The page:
Cal­i­for­nia can use fire to kill wild­fire

Gulf Times Community - - COVER STORY - By Ju­lia Rosen

A crew mem­ber mon­i­tors a pre­scribed burn at Yosemite Na­tional Park on Oc­to­ber 18, 2008. Fire helps re­cy­cle im­por­tant nu­tri­ents back into the soil and makes way for new grasses, wild­flow­ers and other plants.

If Cal­i­for­nia wants to get out in front of its wild­fire prob­lem, sci­en­tists have some clear but coun­ter­in­tu­itive ad­vice: Start more for­est fires. Decades of re­search shows that light­ing fires un­der safe con­di­tions not only clears out the dead plants and thick un­der­brush that fuel many se­vere wild­fires, it also re­stores a nat­u­ral process that once kept forests healthy and re­silient.

It can be tricky to pull off be­cause all fires, whether nat­u­ral or in­ten­tional, are in­her­ently dan­ger­ous and smoky. Even so, ex­perts say the ben­e­fits far out­weigh the risks.

Cal­i­for­nia’s over­grown forests came un­der scru­tiny when Pres­i­dent Don­ald Trump blamed them for the state’s re­cent fires and called for more ag­gres­sive man­age­ment.

Ex­perts say the di­ag­no­sis was mis­placed; the fires in both Par­adise and South­ern Cal­i­for­nia drew their deadly power from ex­treme weather con­di­tions ex­ac­er­bated by cli­mate change, not from the buildup of dense trees and brush.

Nev­er­the­less, sci­en­tists and land man­agers agree on the im­por­tance of re­duc­ing flammable fuel in Cal­i­for­nia’s vast conifer forests. And they say that fire is the best tool for the job.

“We re­ally have to un­der­stand that what’s re­ally needed on the land­scape is more fire, not less,” said Kelly Martin, the fire chief of Yosemite Na­tional Park.

Some fires will hap­pen no mat­ter what, sci­en­tists say. The ques­tion is: Do we want fires we can con­trol, or fires we can’t?

Un­til the 1800s, when set­tlers flooded into Cal­i­for­nia, many parts of the state ex­pe­ri­enced far more wild­fire than they do to­day. Nat­u­ral fires burned unim­peded, and Na­tive Amer­i­cans lit blazes to re­duce fu­ture risks and boost the growth of de­sir­able plants, as they had done for thou­sands of years. The state’s ecosys­tems evolved not just to tol­er­ate burn­ing, but to de­pend on it.

“Cal­i­for­nia land­scapes were re­ally truly born and bred of fire,” Martin said.

Then the fed­eral gov­ern­ment in­ter­vened. Af­ter sev­eral mas­sive wild­fires ripped through the West in the early 1900s, the newly formed US For­est Ser­vice be­gan ex­tin­guish­ing flames as quickly as pos­si­ble. Man­agers be­lieved that sup­press­ing fires pro­tected both com­mu­ni­ties and forests, Martin said. And for decades, it did.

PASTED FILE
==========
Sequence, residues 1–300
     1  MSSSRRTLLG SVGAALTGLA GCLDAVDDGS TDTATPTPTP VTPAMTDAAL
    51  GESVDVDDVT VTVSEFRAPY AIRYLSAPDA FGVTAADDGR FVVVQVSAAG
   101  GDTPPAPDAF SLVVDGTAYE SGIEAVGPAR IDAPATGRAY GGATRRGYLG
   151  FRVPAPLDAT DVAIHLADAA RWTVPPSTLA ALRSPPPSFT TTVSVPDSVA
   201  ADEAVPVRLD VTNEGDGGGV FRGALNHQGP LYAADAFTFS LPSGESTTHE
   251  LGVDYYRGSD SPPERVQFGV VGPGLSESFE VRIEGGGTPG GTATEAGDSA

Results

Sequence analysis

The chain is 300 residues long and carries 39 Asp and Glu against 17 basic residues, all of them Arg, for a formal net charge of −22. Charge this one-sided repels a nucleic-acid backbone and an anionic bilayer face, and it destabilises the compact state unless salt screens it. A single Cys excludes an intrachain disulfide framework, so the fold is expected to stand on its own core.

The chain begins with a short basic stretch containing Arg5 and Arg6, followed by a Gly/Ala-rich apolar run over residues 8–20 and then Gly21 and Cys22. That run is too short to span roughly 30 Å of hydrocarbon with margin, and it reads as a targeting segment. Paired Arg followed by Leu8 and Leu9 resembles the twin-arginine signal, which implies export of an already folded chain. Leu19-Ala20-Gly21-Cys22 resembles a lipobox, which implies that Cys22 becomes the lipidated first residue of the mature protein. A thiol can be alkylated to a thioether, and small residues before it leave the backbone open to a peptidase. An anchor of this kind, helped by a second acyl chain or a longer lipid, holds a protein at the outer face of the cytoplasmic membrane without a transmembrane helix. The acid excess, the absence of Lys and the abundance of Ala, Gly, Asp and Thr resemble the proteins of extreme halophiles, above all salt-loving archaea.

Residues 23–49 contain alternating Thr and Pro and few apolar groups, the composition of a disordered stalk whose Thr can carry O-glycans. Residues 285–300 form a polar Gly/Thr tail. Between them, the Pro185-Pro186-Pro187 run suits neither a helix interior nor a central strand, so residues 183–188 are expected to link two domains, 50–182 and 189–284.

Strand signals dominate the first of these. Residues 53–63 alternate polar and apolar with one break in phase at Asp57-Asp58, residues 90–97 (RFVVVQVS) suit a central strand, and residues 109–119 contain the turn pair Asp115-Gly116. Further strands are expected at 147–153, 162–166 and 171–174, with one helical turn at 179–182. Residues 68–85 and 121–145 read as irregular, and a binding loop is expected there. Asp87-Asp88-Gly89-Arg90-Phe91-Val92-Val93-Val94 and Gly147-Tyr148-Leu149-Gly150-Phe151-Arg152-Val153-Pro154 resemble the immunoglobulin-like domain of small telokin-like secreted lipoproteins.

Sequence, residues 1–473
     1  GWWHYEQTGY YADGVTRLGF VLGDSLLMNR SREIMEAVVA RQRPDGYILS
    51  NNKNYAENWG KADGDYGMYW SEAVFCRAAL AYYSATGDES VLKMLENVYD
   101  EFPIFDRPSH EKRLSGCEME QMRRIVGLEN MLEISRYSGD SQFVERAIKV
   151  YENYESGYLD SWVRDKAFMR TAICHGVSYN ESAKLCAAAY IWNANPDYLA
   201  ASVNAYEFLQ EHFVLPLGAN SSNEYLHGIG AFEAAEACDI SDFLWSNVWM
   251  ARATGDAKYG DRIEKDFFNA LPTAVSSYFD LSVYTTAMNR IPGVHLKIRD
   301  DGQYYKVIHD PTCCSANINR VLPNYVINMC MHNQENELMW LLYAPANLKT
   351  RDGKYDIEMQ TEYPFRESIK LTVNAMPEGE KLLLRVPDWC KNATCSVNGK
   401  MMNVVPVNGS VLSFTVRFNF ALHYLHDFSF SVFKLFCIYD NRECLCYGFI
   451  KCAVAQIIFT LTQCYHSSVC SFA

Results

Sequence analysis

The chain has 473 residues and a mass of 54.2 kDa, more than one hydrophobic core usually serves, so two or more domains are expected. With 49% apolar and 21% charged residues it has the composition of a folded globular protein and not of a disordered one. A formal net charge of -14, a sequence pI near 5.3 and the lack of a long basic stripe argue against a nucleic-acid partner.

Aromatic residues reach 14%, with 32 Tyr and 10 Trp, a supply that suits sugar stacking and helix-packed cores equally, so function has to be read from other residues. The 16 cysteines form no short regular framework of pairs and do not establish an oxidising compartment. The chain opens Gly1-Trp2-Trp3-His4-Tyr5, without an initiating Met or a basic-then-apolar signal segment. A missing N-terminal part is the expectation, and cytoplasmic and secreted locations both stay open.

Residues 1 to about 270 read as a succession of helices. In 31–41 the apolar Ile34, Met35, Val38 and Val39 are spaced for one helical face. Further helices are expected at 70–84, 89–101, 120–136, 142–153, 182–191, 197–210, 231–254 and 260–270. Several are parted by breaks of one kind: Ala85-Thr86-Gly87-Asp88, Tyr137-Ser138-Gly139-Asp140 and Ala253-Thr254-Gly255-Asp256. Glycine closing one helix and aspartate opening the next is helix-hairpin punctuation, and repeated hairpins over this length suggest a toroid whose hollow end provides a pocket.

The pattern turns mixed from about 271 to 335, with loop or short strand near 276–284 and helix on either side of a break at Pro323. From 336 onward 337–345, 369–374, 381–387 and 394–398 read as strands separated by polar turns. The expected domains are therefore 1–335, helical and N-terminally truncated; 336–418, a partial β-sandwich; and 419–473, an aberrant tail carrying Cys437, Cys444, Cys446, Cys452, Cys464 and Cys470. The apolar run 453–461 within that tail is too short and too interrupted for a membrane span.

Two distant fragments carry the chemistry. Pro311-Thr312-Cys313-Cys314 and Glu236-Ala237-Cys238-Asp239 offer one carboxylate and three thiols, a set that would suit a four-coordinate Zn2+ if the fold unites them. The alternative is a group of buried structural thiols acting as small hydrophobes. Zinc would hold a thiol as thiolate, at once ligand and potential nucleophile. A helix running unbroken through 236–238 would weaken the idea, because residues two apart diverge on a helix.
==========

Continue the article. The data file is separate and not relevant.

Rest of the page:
But over time, the plan back­fired. That was es­pe­cially true in conifer forests, which used to burn ev­ery five to 20 years and grew denser with each missed cy­cle.

Then came drought, tree-killing bee­tles and cli­mate change – plus a boom­ing pop­u­la­tion that kept ex­pand­ing into forested ar­eas.

Cal­i­for­ni­ans are all too fa­mil­iar with the con­se­quences: cat­a­strophic wild­fires that are nearly im­pos­si­ble to con­tain.

“If you want to re­ally, fully re­store the for­est, you have to get fire back in there,” said Mal­colm North, a re­search sci­en­tist at the US For­est Ser­vice’s Pa­cific South­west Re­search Sta­tion in Davis, Calif.

Be­yond re­mov­ing saplings and pine duff, fire cre­ates nat­u­ral vari­abil­ity in the spac­ing of trees, he said. It typ­i­cally leaves denser stands in wet­ter places and cre­ates gaps in dryer ar­eas that pre­vent flames from spread­ing.

“That’s one of the fea­tures which made forests so re­silient to fire and drought,” he said.

Fire also plays a crit­i­cal role in break­ing down ma­te­rial on the for­est floor and re­cy­cling nu­tri­ents.

Ex­cept near com­mu­ni­ties, the goal of pre­scribed burns is not to pre­vent fu­ture fires, but to al­low more wild­fires to burn safely, North said.

The 2013 Rim fire was a prime ex­am­ple.

It started with a run­away camp­fire on Na­tional For­est land east of Grov­e­land, Calif., and quickly metas­ta­sised. But then it spread into nearby Yosemite Na­tional Park, where for decades Martin and her pre­de­ces­sors had been light­ing pre­scribed fires and al­low­ing nat­u­ral ones to burn.

When the Rim fire hit pre­vi­ously treated ar­eas, it sud­denly be­came tamer. It dropped from the canopy back down to the ground, burned less in­tensely, and didn’t re­quire much sup­pres­sion, Martin said.

The con­trolled burns also pro­tected staff build­ings near the Hodg­don Meadow Camp­ground. “We didn’t lose any homes,” she said.

De­spite its ef­fec­tive­ness, pre­scribed burn­ing re­mains vastly un­der­utilised in Cal­i­for­nia and across the West.


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